Of rust and men.

It’s spring again and some of us will tend to small projects around the house. Like mowing the lawn, weeding the garden, painting the blinds or the entry iron gates. That viciously develop rust in the more inadequate and hard to reach places.

Rust is the common name given to the alteration of iron-based metals. It is more or less red, more or less powdery and always a bad news.
It is the visible sign metal has been exposed to exterior assaults and that it is transforming itself. If nothing is done, rust will slowly but surely consummate the whole metal and render the object a mere wreckage.

Oxidation and corrosion mechanisms are complex and different depending on metals and their composition. Yet, they do have a common origin : the only inalterable iron is the iron ore. Be there a stable mix of elements completely useless to make anything but ugly paperweights.

In order to be used, the ore has to be processed. And this is where the oxidation process begins also…
Very annoyed by this whole processing business, iron will try to go back to its stable ore form one way or another, using for that purpose every elements it can be in contact with including but not limited to : rain water and humidity. So much for your iron gates.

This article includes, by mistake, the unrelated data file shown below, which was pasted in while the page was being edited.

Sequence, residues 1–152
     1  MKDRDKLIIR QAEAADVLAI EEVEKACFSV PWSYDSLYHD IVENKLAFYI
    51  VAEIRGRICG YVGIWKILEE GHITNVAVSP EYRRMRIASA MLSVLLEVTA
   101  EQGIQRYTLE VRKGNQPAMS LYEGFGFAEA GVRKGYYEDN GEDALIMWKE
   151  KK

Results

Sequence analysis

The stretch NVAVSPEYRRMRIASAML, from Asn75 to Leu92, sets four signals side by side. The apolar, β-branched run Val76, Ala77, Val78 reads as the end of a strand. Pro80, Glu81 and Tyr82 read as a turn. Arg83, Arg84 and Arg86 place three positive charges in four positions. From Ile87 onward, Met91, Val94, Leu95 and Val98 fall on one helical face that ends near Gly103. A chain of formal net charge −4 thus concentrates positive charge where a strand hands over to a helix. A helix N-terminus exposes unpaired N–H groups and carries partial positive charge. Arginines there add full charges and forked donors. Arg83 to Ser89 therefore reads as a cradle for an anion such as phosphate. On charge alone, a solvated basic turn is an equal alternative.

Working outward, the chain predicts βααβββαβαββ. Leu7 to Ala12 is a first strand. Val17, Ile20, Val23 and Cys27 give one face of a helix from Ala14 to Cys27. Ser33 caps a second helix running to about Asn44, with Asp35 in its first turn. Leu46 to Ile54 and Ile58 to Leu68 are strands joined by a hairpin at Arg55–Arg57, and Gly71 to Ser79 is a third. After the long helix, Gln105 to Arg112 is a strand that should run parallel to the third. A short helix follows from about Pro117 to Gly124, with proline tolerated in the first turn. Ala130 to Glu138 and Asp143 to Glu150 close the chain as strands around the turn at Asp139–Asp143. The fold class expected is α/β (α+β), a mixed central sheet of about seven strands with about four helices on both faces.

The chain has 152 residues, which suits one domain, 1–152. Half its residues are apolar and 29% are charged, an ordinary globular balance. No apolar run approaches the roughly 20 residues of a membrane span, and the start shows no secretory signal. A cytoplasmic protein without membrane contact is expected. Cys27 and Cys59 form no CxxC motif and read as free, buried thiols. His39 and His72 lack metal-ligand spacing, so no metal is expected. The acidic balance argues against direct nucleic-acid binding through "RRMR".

Rust will always win : regular maintenance by applying protection from outside elements (i.e. painting metal) or keeping metal based items in a dry environment are your only options.
Museum collections are no exceptions : time eventually turns solid iron into reddish powder. One can but only delay a process that will take every opportunities it is given to go on.

Contextual alterations are usually treated when the piece first enters the museum and gives good results, provided the environment is stable from here on in. Most of the time, those treatments include mechanical rust-removal component. That is to say « very gently scratching the piece with a scalpel to expose rust-free metal » before chemical stabilization and protection may occur.

This long (long long long) and thorough process allows certain discoveries like bringing back a mark or a hallmark from the rust coating. And it’s a spirit lifter after days of endless scratching !


Second photo by ©Lyrio

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